Protecting Miller is a veteran offensive line that has suddenly become a strength of the team after a decade of underwhelming performances. Four starters return to a unit that cleared space for the nation’s No. 10 rushing attack. The man who gained the bulk of those yards also returns. Had Carlos Hyde not missed multiple games in September, he easily would have joined Miller as a 1,000-yard rusher.

Playmaking receivers include Devin Smith, Corey Brown and Jordan Hall.

The concern lies on the defensive side, where the “heart and soul” of the team – John Simon – is gone.

Ohio State DE Adolphus WashingtonAdolphus Washington is one of many sophs expected to step up for Ohio State.

“It’s a huge void,” Meyer said. “Make no doubt about it. That was a huge part of the successful season.

“The good thing is we get to evaluate that. We’re into the evaluation phase of that to see who can fill those roles.”

Not to be diminished is an almost completely new front seven. In all, there will be seven new defensive starters, including all four linemen.

Aside from Ryan Shazier, the linebacker position could be a revolving door until two replacements at middle and strongside. There’s a plethora of freshmen and sophomores waiting for their opportunity at one of the glamour positions.

“Our D-line is not stable and our linebacker position is not stable,” Meyer said. “So you throw the back end in that, we're dealing with an unstable defense. That's big.”

It’s not just linebacker where youth lurks. The defensive line will be inhabited with loads of talent but also inexperience. Ohio State has 47 scholarship players, or 57 percent of its total, that are underclassmen. With the lack of bowl practices, greenness becomes an even more pronounced obstacle.

But one welcome sight will be the return of fifth-year senior safety Jamie Wood. He's had an injury-riddled career at Ohio State after being a high school All-American. When news of a second shoulder surgery surfaced in January, it appeared Wood's Ohio State career had come to an end.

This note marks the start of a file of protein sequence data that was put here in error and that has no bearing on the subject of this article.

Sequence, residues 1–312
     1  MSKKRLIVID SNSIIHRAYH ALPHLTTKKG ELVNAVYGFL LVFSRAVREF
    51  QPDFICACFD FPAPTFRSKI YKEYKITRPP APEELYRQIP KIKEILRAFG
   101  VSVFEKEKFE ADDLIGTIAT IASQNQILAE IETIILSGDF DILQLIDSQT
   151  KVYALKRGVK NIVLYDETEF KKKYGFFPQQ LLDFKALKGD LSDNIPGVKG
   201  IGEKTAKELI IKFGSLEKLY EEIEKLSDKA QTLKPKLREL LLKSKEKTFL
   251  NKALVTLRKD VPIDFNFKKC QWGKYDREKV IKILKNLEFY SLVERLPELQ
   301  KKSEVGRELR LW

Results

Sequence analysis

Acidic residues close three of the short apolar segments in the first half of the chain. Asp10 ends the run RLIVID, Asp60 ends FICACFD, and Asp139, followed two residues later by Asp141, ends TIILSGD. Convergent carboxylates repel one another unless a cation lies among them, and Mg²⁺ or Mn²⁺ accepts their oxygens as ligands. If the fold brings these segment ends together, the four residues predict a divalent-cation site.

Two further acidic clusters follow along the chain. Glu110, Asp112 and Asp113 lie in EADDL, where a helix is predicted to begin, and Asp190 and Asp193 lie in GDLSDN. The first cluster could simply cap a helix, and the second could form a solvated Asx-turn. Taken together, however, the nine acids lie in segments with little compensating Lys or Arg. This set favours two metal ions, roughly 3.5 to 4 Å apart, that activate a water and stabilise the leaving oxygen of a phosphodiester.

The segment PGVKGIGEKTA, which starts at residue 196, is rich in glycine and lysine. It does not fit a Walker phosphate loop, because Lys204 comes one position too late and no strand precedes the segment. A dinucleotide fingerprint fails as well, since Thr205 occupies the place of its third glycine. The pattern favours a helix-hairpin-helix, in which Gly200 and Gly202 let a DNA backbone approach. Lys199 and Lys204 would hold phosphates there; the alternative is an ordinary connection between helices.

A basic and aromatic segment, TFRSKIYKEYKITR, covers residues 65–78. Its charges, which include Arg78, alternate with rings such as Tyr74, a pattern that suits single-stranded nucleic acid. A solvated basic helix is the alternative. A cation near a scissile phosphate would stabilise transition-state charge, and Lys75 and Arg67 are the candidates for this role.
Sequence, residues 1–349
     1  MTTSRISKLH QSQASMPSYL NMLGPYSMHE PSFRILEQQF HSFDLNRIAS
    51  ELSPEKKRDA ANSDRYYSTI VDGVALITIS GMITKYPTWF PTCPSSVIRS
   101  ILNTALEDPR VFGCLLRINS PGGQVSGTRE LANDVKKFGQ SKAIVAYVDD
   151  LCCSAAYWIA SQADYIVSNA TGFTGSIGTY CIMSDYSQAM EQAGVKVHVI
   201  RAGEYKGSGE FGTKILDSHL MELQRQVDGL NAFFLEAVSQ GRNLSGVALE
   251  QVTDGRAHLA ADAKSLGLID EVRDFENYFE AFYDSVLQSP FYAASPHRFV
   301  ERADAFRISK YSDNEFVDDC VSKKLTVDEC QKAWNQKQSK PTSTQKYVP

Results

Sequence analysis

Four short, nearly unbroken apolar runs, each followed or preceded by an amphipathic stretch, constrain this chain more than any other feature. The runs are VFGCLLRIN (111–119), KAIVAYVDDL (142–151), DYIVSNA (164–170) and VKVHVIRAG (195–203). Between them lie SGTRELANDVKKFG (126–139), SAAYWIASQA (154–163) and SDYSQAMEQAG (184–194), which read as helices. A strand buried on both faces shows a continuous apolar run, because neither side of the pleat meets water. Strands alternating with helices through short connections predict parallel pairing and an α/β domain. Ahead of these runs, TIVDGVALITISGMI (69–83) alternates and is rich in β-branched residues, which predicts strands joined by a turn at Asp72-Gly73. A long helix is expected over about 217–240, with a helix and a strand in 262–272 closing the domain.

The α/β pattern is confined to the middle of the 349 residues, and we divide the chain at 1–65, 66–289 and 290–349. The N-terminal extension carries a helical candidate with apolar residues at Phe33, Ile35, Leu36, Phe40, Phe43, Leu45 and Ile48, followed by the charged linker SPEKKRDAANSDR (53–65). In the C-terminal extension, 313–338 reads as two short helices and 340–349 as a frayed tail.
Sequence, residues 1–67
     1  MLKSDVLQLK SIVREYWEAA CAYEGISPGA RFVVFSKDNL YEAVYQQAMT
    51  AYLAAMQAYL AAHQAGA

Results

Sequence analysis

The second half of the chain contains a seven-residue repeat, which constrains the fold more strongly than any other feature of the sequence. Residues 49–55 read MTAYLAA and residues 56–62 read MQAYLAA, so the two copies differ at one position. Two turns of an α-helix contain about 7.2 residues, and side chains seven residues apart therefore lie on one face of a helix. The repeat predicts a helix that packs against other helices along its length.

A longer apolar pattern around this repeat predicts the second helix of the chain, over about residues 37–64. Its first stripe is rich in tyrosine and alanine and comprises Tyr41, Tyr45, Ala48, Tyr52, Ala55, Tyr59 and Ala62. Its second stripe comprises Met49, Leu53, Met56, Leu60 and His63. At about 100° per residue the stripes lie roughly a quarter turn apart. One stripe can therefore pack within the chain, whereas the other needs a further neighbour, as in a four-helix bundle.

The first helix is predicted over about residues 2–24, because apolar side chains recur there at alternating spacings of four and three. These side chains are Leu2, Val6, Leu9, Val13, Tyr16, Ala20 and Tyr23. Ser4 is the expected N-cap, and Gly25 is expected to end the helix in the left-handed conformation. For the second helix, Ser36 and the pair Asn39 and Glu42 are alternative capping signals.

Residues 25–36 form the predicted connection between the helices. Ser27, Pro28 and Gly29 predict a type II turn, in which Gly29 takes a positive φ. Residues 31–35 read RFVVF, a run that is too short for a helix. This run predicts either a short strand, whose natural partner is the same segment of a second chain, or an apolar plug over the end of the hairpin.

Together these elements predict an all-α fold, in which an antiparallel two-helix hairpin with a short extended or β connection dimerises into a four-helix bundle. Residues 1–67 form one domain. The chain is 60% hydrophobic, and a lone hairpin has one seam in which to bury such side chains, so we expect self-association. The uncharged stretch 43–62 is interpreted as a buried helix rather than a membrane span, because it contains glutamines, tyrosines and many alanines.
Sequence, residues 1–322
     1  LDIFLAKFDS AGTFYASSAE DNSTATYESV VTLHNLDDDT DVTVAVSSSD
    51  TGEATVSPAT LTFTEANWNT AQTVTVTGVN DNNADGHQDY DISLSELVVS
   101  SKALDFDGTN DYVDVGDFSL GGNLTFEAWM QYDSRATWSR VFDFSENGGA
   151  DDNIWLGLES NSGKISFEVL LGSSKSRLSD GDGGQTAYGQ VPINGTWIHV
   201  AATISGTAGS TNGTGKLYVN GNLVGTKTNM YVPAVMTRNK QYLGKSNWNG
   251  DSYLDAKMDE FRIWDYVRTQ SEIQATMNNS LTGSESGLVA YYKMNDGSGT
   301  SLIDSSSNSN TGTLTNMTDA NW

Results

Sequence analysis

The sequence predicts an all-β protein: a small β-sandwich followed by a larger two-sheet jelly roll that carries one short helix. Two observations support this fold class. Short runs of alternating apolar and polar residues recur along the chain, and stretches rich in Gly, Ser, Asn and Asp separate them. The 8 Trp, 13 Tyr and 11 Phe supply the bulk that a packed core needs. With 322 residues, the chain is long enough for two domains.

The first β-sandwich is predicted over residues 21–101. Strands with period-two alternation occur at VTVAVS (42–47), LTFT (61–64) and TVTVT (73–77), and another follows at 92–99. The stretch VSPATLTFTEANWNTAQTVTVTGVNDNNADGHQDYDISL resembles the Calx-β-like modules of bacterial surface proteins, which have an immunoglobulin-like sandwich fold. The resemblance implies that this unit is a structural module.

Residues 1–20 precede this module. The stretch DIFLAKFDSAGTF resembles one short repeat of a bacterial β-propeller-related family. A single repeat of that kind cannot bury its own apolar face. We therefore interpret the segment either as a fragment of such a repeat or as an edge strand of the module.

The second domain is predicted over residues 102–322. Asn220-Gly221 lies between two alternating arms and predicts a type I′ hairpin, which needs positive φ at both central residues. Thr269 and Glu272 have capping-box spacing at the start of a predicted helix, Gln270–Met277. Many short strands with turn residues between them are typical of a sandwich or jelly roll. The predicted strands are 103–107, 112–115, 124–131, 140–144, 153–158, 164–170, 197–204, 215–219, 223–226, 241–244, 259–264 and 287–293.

That wasn't how he wanted the final chapter to be written, though. So when Ohio State trots onto the practice field at the Woody Hayes Athletic Center, Wood also will be donning the Scarlet and Gray. He was a special teams demon last season and will likely angle for that role again in 2013. But his experience and leadership in the locker room will be an invaluable source for the young Bucks.

Five of the Buckeyes’ 24 recruits for 2013 will take part in spring drills – cornerbacks Eli Apple and Cam Burrows, defensive linemen Tyquan Lewis and Tracy Sprinkle, and quarterback J.T. Barrett.

And that’s where that lingering question about leadership comes into play. With so many players on the team that haven’t been in the trenches with a championship on the line, Meyer has already given pause to outside pressures.

“Our mantra is going to be truth and it’s going to be fundamental improvement,” he said. “Truth means exactly that. You have a good season and there’s a lot of conversation about a lot of things that really shouldn’t be discussed because it’s not true.

“There’s a lot to be done.”